Bill discounting is an arrangement that facilitates the inflow of working capital for exporters. Also known as invoice discounting or invoice factoring, such an arrangement can be made with a bank or a financial institution, where it releases funds to an exporter against the export invoice submitted.

The amount released is generally a portion of the invoice amount, and the remaining portion is released at the end of the credit period after deducting discounting fees and interest charges.

Bill discounting services are provided by banks, NBFCs, and fintech companies in India. The Reserve Bank of India (RBI) requires lender banks to obtain a no-objection certificate from borrower banks for bill discounting. Drip Capital's bill discounting offering provides collateral-free working capital through a paperless and speedy process at highly competitive rates.

What are the costs incurred?

To provide funds to an exporter before the end of the credit period of the invoice, financial intermediaries charge a fee. There are various financial intermediaries involved in this business vertical, and their services provide the exporter with working capital before the invoice is due.

The fee or discount charged by the intermediary is against this service, and it depends on the credit evaluation of the exporter, as the discounting intermediary is taking a non-recovery risk on the invoice.

How does it benefit exporters?

Bill discounting solves several problems related to one’s working capital management. It is apparent that, as an exporter, you will not receive payment against your export invoice immediately. A credit period will be negotiated with the buyer, and the amount will be released as per the agreed timeline.

If you are an exporter, bill discounting offers the following advantages:

  • You will be able to agree on a more relaxed timeline and offer a better credit period to the foreign buyer.
  • It is an ideal source of liquidity if you have exhausted your credit limits with your bank, or prefer not to go through banking channels for arranging the funds.
  • While negotiating the export order, you may have to yield a longer credit period to your buyer. This may be required to win new business even if your cash position does not favor extended credit periods. In such cases, bill discounting helps you ease the pressure on your financial position.
  • It also enables exporters to accept new export orders that they may not otherwise be able to carry out due to lack of resources.
  • The service is offered without any collateral and is facilitated at a very fast pace by discounting firms. Accordingly, it can act as the lifeblood of the growth of your export business.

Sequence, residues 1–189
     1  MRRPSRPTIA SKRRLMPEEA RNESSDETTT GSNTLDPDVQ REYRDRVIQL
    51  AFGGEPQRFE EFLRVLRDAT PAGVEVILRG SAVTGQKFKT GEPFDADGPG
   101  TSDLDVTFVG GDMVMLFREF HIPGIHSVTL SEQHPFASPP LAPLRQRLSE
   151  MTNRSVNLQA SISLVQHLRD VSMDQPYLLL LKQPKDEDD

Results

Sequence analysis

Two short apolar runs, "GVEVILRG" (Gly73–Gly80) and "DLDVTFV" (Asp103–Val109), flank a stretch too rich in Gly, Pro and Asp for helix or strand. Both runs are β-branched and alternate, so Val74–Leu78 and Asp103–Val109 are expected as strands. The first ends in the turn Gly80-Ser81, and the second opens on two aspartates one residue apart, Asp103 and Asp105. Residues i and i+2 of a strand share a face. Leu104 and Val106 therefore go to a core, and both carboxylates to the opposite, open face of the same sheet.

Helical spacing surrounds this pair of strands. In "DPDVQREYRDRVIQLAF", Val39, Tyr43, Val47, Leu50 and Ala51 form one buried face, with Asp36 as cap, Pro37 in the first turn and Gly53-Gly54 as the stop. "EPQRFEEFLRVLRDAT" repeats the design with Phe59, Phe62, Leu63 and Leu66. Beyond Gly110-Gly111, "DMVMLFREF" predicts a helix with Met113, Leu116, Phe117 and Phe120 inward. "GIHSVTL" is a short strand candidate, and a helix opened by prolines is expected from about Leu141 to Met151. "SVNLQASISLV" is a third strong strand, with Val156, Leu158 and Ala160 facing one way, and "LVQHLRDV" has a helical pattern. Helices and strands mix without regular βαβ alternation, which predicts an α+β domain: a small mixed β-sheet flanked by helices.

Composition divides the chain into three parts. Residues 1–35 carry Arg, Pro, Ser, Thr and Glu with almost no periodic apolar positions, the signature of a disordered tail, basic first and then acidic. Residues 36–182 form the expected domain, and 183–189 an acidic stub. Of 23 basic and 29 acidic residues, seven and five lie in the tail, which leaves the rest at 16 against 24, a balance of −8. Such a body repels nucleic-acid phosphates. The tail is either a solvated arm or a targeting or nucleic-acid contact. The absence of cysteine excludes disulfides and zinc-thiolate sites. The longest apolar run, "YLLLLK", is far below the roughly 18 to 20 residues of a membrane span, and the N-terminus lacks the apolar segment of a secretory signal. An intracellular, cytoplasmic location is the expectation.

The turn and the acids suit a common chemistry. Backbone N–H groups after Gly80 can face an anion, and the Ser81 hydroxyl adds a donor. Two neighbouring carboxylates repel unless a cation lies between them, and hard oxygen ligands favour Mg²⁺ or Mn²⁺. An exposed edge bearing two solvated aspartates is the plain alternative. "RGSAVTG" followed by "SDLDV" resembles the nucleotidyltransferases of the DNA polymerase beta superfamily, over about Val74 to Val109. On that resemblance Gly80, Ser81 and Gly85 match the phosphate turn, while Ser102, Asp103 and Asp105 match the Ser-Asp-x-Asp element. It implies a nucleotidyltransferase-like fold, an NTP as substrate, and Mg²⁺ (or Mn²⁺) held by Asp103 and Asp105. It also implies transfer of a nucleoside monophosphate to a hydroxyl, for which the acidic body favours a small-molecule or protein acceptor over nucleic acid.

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How is bill discounting done?

In a fintech company like Drip Capital, which is engaged in providing bill discounting services, there are four clear steps involved:

  • The first step is the submission of the invoice. This can be done online on the portal of the service provider. The in-house team then assesses the invoice, and the decision of whether or not to discount the invoice is taken.
  • Once approved, the bill discounting firm sanctions a major portion of the invoice value immediately. In Drip's case, around 80% of the value of the invoice is released by the firm.
  • The firm then holds on to the invoice until it becomes due. At the end of the credit period, the firm receives the amount receivable against the invoice from the buyer.
  • After receiving the amount from the buyer, the firm pays the remaining amount to the exporter. However, while doing so, the firm deducts the discounting fee and such other charges as agreed with the exporter at the time of bill discounting.

How is the amount repaid?

After the export invoice is discounted by the discounting firm and the payment is released to the exporter, the firm collects the invoice value from the buyer. The collection of the invoice amount from the buyer is done based on the agreement between the exporter and the foreign buyer. So, if a two-month credit period was agreed upon by both parties, the discounting firm will approach the buyer at the end of two months and recover the amount.

What are the consequences of non-payment?

If the importer fails to pay the invoice, the onus of payment falls on the exporter. In the case of banks, the exporter’s account is debited along with interest. Although the discounting charges are linked to the creditworthiness and evaluation made by these firms, many intermediaries may insist on collateral to protect themselves from the risk. Some may also manage this risk by obtaining insurance from credit guarantee agencies.

Drip Capital's model uses insurance from third-party agencies and therefore there is no requirement for collateral, nor is there a recourse to the exporter in the case of a buyer default. You can find out more about Drip Capital's offering here.

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